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So after watching a video on how to clean your dryer air vent I went in search of an attachment for the end of my air compressor. A reverse airflow attachment that connects to the end of your air compressor hose. You push it into your dryer vent from the outside, turn on the air, and as you pull the hose out it breaks loose the lint and dust that has accumulated.

The only places that seem to have them are professional duct cleaning suppliers. They of course want to sell you a complete duct cleaning system for several thousand dollars, but I figured I could do it for much less. I found an aluminum version for a much bigger compressor than I have, but used that to give me an idea of how to make my version.

Step 1: Drill a 1/2" Hole

I bought a pack of 6 foosballs from a sporting goods store, and using a drill press and a clamp I put a 1/2 inch hole down the center of one of them, making sure not to come out the bottom. Then I cleaned out the hole and smoothed the edges a bit.

Step 2: Drill Reverse Air Holes

Then using the smallest drill bit I had on hand, I couldn't read it but it was probably about 1/16th of an inch (roughly the thickness of a paperclip), I drilled 4 holes at about a 45 degree angle from the main hole. I may make it 5 or 6 holes if I make more of these.

Step 3: Attach Air Compressor Hardware

Once you attach a threaded barrel, which is lighter, or a quick release as I have in the first picture, you are ready to go. It's a good idea to have a valve between the hose and the air compressor so you can control the flow if your compressor doesn't come with one. Stick it into the vent as far as it will go, turn on the air and slowly pull it back out. Repeat as needed.

<p>Awesome video. Just wanted to know the capacity of the air compressor you used. What would you recommend.</p>
<p>I take the top off my vent tube and blow it out with an electric leaf blower. Clean as a whistle!</p>
<p>This sort of project begs for someone to post a 3D-printed version! I love seeing DIY replacements of crazy expensive stuff. Kudos to your brother and to you. </p>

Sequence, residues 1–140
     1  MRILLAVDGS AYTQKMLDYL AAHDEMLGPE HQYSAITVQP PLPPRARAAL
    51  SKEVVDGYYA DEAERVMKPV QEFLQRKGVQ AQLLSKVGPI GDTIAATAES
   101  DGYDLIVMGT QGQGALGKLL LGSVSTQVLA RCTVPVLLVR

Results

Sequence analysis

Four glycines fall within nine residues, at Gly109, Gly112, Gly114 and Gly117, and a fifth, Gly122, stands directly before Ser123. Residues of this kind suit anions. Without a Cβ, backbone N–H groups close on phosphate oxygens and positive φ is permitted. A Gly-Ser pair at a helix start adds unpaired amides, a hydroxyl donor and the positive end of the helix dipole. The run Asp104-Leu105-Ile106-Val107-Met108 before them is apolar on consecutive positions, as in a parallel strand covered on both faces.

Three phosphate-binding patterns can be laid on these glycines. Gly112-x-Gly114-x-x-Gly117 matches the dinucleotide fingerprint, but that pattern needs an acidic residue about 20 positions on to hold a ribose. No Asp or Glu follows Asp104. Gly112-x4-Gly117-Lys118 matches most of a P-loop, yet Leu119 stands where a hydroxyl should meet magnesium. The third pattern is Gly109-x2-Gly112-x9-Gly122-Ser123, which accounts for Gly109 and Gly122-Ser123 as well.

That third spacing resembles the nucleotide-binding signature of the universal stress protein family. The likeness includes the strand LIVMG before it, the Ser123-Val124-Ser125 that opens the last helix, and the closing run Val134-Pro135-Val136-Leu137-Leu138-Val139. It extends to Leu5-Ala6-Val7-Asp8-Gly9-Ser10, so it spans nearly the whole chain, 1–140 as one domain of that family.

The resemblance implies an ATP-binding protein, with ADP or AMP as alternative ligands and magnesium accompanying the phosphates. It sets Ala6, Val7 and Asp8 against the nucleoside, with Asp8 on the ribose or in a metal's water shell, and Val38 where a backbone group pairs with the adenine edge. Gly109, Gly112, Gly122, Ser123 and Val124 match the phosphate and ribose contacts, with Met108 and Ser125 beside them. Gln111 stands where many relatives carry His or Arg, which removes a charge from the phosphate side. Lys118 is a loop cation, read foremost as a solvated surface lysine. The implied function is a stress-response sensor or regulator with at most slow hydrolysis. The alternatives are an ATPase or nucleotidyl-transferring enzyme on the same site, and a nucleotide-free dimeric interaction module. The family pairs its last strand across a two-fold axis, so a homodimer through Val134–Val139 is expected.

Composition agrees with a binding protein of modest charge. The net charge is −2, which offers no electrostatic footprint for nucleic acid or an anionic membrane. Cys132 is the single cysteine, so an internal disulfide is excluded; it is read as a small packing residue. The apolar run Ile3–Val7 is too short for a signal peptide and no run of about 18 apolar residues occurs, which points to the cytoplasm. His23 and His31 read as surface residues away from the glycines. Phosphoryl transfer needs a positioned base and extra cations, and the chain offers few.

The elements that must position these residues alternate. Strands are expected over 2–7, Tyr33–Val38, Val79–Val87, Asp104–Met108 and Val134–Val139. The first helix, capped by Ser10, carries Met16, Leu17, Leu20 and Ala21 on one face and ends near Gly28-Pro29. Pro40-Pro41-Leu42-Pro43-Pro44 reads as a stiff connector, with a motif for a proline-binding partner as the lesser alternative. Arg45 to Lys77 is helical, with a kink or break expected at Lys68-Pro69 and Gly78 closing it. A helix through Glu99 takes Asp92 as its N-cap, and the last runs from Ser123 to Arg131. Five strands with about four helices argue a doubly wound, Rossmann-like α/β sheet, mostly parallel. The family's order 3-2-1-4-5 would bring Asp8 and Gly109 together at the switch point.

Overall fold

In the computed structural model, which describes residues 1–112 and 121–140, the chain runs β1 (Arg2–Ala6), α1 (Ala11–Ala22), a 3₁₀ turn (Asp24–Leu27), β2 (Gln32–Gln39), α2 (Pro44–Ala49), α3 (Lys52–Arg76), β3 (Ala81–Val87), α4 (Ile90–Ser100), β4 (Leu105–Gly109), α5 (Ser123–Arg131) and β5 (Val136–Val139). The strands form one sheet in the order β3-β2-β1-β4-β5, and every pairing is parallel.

<p>You know, if someone could design it to be 3D printable as 2 pieces locked together, with the air cushioning between them and causing the outer ring to spin you'd have a pretty decent little device.</p>
It's possible if you can picture the internals or have a drawing, you can grab one of the free 3D design programs. There are several that are pretty good, as well as some decent semi-crippled (but very useable) commercial packages. It's been awhile, but I trying a few of the commercial free versions and they were able to generate image code that could be printed.<br><br>Google+ has very active 3D printing communities. I'm sure a bit of lurking would give you more current info than I can on software. <br><br>But once you have a working design, there are plenty of people who would print it for you. I think there's a couple on-line services that combine an online model creation tool with their printing service, too.
<p>Great Video and idea!</p>
<p>I need to know how you use this thing as I'm quite confused about how it works&hellip;</p><p>(Although I'm stupid I do know how an air dryer works and the need to clean the lint off&hellip;)</p><p>Anyway it clearly is a nice work, so congrats anyway !&hellip; ;))</p>
<p>Well, you are in luck, because I just used it for the first time and took video. So I went to the outside of the house and took the covers off of the dryer outlet. pushed the ball nozzle to the pipe as far as I could, placed a vacuum hose at the opening and turned the air on. As I pulled it out it would push the lint ahead of it and the vacuum would suck most of it up before it blew out onto the ground. Here is the link.</p><p>http://www.youtube.com/watch?v=wU84-hAZX-c</p>
<p>Perfect video shot, clean as a whistle too. Another use might be for fixed dust collector systems in woodshops, sometimes poorly designed systems get jams in elbows, this'd really clean them out.</p>
<p>I used to do duct cleaning my self we had a similar tool called a reverse skipper ball and they were pricey. Awesome job!!! We also used a forward skipper ball that had a fiberglass shaft that ran down the tube to push forward. </p>
I want to try this with my pellet stove vent in the spring.... <br>
Very cool! When I get my indexing angled vise for the end mill at work, I will be making this. Showed a couple of coworkers this and they want it too. Thanks for showing!
<p>Thanks, I'm glad people like it. I was really surprised that Lowes and Home Depot didn't have an attachment like this. The ones I did find like this aluminum one:</p><p><a href="http://www.nikro.com/air-duct-cleaning-equipment-supplies/compressed-air-cleaning-tools/860501.aspx" rel="nofollow">http://www.nikro.com/air-duct-cleaning-equipment-s...</a></p><p>and this nylon one:</p><p><a href="http://www.nikro.com/air-duct-cleaning-equipment-supplies/compressed-air-cleaning-tools/860137.aspx" rel="nofollow">http://www.nikro.com/air-duct-cleaning-equipment-s...</a></p><p>are made for professional compressors and the holes in them are made for a much larger tank (mine is only 6 gallons) that can handle the increased airflow. My cousin helped point me to using a foosball. There are also some foam balls, but the foosball seems to be light enough to wobble and get the job done.</p>
<p>This is a great idea, combustible lint in dryer vents is a real problem, especially if using a gas dryer system, plus it ups dryer efficiency no matter what heat source is used.</p>
Great idea.
<p>Nice tool.</p>

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